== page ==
A well drafted estate plan should accomplish a number of different goals and objectives, including creating a blueprint for the transfer of your estate assets to your intended beneficiaries when you die. Those assets, in turn, are intended to help provide for your beneficiaries long after you are no longer here to provide for them yourself. Undoubtedly, your intention is to pass down as large of an estate as possible to your loved ones — the more valuable the better. In order to ensure that you maximize the value of the assets passed down to loved ones, however, you must take into account the impact federal gift and estate taxes will have on your estate. Failing to understand, and account for, gift and estate taxes could result in the value of your estate being considerably diminished before it ever gets passed down to your loved ones.
What Are Federal Gift and Estate Taxes?
In the United States, almost everything is potentially subject to taxation by the local, state, and/or federal government. The federal gift and estate tax is one of those opportunities to impose a tax. In this case, it is essentially a tax on the transfer of wealth. Because wealthy families traditionally found ways to keep the wealth in the family without subjecting it to taxation, the gift and estate tax evolved as a way to ensure that all transfers of wealth, including gifts made during your lifetime, are taxed at the time of death.
How Are Gift and Estate Taxes Calculated?
At the time of your death, everything you own, or in which you have an ownership interest, will become part of your estate. This includes both real and personal property as well as tangible and intangible assets. In addition, the value of any qualifying gifts you made during your lifetime must be calculated. Although there are some exceptions, assume that all gifts you made are “qualifying” gifts. The total of your assets owned at the time of your death, combined with lifetime gifts, is then potentially subject to federal gift and estate taxes at the tax rate of 40 percent. By way of illustration, assume you owned assets valued at $8 million when you died, and made gifts valued at $4 million over the course of your lifetime, the combined total of $12 million could be subject to gift and estate taxes, meaning your estate would owe $4.8 million in taxes.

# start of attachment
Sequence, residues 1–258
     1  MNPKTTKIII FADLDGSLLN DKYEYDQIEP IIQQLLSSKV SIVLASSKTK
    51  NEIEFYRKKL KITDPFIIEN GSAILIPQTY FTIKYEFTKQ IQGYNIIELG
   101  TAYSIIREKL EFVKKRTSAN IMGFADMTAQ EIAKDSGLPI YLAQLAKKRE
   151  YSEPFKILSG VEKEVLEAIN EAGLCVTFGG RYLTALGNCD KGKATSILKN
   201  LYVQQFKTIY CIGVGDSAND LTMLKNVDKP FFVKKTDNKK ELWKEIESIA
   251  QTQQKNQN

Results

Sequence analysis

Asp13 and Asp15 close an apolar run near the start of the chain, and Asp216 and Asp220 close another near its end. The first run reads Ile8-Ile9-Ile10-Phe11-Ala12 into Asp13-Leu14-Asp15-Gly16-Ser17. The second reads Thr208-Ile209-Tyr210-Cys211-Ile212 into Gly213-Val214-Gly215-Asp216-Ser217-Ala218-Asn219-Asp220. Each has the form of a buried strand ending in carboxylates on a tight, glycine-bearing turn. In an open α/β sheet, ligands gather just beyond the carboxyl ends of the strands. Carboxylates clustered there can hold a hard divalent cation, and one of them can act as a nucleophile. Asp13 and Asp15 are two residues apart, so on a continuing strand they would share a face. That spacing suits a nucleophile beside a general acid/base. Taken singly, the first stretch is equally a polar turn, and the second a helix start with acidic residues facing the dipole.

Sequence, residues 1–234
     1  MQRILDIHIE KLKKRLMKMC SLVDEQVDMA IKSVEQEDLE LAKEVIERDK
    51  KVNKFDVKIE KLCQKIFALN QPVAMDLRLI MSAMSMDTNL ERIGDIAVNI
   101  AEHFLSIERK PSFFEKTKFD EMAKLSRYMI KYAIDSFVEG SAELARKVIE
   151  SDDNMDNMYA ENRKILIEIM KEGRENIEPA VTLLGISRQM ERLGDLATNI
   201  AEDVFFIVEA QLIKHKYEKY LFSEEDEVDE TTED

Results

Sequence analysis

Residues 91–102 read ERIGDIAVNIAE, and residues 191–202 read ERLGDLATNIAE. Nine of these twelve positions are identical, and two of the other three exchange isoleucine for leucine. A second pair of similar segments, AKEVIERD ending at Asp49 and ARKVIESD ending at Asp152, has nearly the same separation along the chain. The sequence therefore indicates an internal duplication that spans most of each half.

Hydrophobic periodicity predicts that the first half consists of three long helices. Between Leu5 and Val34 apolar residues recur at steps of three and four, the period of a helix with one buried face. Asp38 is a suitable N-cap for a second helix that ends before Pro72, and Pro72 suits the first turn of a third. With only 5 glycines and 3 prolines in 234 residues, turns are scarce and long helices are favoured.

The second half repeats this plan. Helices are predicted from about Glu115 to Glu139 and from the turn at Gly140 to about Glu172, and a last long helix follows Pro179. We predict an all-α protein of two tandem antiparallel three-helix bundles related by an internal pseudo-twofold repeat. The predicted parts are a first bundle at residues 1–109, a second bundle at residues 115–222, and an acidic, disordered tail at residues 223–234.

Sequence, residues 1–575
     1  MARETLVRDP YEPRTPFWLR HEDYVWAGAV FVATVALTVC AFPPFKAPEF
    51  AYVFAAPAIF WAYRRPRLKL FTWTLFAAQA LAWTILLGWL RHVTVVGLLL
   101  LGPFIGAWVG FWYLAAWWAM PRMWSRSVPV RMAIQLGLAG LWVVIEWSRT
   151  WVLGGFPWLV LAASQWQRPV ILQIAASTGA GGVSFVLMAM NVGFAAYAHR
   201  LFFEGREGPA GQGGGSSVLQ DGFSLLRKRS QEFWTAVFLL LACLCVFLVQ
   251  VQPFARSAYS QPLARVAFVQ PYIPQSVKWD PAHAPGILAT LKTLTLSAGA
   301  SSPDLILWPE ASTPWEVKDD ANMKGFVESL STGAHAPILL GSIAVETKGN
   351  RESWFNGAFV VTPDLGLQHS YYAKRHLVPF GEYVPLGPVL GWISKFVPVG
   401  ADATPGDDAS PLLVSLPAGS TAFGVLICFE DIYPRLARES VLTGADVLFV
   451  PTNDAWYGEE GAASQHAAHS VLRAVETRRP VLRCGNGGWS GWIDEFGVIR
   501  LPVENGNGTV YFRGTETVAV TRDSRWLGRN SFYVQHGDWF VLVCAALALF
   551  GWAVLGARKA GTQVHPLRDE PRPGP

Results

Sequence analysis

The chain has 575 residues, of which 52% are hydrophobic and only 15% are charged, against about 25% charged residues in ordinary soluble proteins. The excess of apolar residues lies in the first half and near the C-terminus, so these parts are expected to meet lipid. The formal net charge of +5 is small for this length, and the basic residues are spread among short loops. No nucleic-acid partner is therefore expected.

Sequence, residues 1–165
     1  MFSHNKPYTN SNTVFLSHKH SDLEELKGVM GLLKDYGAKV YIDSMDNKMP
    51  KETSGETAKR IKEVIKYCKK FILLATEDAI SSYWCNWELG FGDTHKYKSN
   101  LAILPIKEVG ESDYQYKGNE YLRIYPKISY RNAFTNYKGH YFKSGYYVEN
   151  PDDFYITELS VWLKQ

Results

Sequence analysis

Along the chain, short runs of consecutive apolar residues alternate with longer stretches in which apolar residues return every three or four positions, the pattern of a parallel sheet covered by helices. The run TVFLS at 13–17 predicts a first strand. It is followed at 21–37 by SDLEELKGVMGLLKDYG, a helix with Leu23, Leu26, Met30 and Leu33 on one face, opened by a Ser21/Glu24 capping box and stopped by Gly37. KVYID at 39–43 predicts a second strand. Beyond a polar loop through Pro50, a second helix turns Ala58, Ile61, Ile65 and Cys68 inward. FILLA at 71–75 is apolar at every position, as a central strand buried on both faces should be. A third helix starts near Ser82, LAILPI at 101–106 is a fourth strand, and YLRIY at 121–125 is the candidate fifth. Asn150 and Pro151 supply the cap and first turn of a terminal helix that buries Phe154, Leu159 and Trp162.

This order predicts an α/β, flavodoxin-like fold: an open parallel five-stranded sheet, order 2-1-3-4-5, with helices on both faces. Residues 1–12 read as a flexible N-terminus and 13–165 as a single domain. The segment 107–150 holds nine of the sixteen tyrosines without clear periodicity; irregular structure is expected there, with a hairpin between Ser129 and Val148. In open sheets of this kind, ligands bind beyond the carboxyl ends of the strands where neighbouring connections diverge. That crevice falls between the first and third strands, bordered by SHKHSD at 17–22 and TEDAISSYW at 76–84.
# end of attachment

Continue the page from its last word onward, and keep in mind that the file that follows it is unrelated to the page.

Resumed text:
The Lifetime Exemption
Each taxpayer, however, is entitled to exempt up to the “lifetime exemption limit” before the tax is actually levied. Thanks to the American Taxpayer Relief Act (ATRA) of 2012, the lifetime exemption limit was permanently set at $5 million, adjusted annually for inflation. For 2016, the limit is $5.45 million. Therefore, for the year 2016, only the value of estate assets and lifetime gifts valued at over $5.45 million will be taxed. Using the example above, after deducting the lifetime exemption we are left with $6.55 million in taxable assets. That drops the estate tax bill from $4.8 million to $2.62 million.
The Importance of Tax Avoidance Strategies in Your Estate Plan
The lifetime Exemption is something that automatically applies to every taxpayer; however, if there is even a chance that your estate will be valued above the lifetime exemption amount you will need to be proactive in lowering your estate tax obligation. This means including tax avoidance strategies and tools in your overall estate plan to limit the impact federal (and in some cases state) gift and estate taxes will have on your estate. In our example above, giving away $2.62 million to Uncle Sam seems foolish when it was likely not necessary. Using the yearly exclusion, for example, allows you to make gifts valued at up to $14,000 to an unlimited number of beneficiaries every year tax-free. When implemented early on, this single tool can result in the transfer of a significant amount of assets that would otherwise be subject to estate taxes. The key is to start early on working with your New York estate planning attorney to ensure that estate taxes do not diminish the value of your estate.
If you have any additional questions or concerns regarding your estate taxes, please contact the experienced New York estate planning attorneys at The Law Offices of Kobrick & Moccia by calling 800-295-1917 to schedule your appointment.